Part of the 50 & Up Club? You Need to Make Sure You’re Getting Enough Vitamin B125 years ago | Vitamin b12
By Joy Stephenson-Laws, JD, Founder
If you’re a regular reader of my blogs and are familiar with my book, it’s no secret to you that I’m all about overcoming nutrient deficiencies and imbalances. If you have too little or too much of the nutrients, like vitamins and minerals, which are needed for proper body functioning, you are likely to have health issues. Nutritional imbalance puts you at a greater risk of developing health issues such as depression and obesity. And if you already have certain health issues, like metabolic syndrome, you may need more of a certain nutrient than the average person.
Nutrient deficiencies in particular are very common for a variety of reasons, including:
- Foods losing nutrient value
- Use of certain medications
- Alcohol and drug use
- A processed, pro-inflammatory diet
- Older age
The latter of these reasons, older age, is something we will all inevitably face if we are lucky enough to grow older. With age comes wisdom, but with this wisdom also comes a body that is less efficient and less capable of absorbing the nutrients it gets from food intake. Not to mention, it’s pretty common these days for older adults to be taking at least one or more prescription drug.
One nutrient we should be especially concerned about is vitamin B12. Recent research in Ireland has suggested that one in eight people over 50 have low vitamin B12 levels.
Vitamin B12 is one of the eight B vitamins. It is necessary for nerve function, brain health and production of red blood cells and DNA. This is all important for metabolism as well as cellular and nervous system functions. Vitamin B12 also helps prevent a type of anemia called megaloblastic anemia, which makes people tired and weak. This vitamin may also help prevent memory loss associated with aging.
You may have heard that vegans need to take B12 supplements, because this vitamin is mainly found in animal foods such as eggs, poultry, fish, milk and red meat.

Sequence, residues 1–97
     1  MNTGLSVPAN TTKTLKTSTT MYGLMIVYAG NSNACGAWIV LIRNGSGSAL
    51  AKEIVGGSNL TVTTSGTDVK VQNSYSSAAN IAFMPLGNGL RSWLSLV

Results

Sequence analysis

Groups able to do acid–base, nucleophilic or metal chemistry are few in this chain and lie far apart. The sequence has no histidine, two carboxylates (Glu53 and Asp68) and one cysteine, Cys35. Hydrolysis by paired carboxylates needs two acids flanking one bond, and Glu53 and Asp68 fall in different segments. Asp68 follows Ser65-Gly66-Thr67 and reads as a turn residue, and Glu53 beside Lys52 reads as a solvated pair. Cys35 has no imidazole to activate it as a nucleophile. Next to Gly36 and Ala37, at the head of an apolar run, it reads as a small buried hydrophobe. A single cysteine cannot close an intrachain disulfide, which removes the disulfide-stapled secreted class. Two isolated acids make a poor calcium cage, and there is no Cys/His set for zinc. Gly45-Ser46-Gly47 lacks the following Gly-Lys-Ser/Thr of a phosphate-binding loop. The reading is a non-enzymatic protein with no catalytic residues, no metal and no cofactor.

“Normal function of the digestive system required for food-bound vitamin B12 absorption is commonly impaired in individuals over 60 years of age, placing them at risk for vitamin B12 deficiency,” reports the Linus Pauling Institute.
And as mentioned, it appears that just being over 50 can put you at a greater risk for this nutrient deficiency.
Signs and symptoms of a B12 deficiency, which may be mistaken for other health issues, may include:
- Memory issues and issues with general thinking skills (may even cause brain shrinkage, according to the American Academy of Neurology)
- Fatigue and weakness
- Shortness of breath
- Tingling and numbness in the feet and/or hands
“Doctors don’t always have B12 at the front of their minds when a patient is having symptoms like these, according to Joshua Miller, Ph.D., professor and chair of the Department of Nutritional Sciences, School of Environmental and Biological Sciences at Rutgers University,” according to one source.
“But if not caught in time, some of the symptoms of vitamin B12 deficiency may be irreversible.”
Also know that the recent research found that smokers are also at a high risk for B12 deficiency and so are people with Crohn’s disease. Furthermore, the evidence showed that one in seven older adults (50 and over) are also low in folate (another B vitamin), according to this report. Folate is also necessary for nerve function, brain health and the production of red blood cells.
How can we be proactive?
“If you are over age 50, the Institute of Medicine recommends that you get extra B12 from a supplement, since you may not be able to absorb enough of the vitamin through foods. A standard multivitamin should do the trick,” according to Harvard Health.
Supplements can be great at alleviating nutritional deficiencies, however, you must supplement with the advice of a competent healthcare professional. It is not safe to blindly take supplements if you do not know the status of your nutrient levels (which you can find out through a comprehensive nutrient test). In addition to this, there are many poor quality supplements that just do not work, so you want to get recommended brands from your doctor.
And if you’re like me, you may even have issues absorbing certain nutrients from supplements.
Don’t worry. There is a solution.
I utilize pH IV Vitamin Drips on a monthly basis to address my inevitable nutrient absorption issues. They provide vitamins (and hydration) directly into the bloodstream to help boost my nutritional status and help with energy levels. I believe this has successfully boosted my immunity, energy and good health.
Also check out our nutrient injections and pushes.
If you’re squeamish about needles, please don’t let that deter you. It is really worth it, and I feel confident in saying that it will improve your quality of life as it has improved mine. You can read more about these health “cocktails,” here.
Do you struggle with nutrient deficiencies? Please join the conversation and share your story.
Enjoy your healthy life!
The pH professional health care team includes recognized experts from a variety of health care and related disciplines, including physicians, attorneys, nutritionists, nurses and certified fitness instructors. This team also includes the members of the pH Medical Advisory Board, which constantly monitors all pH programs, products and services. To learn more about the pH Medical Advisory Board, click here.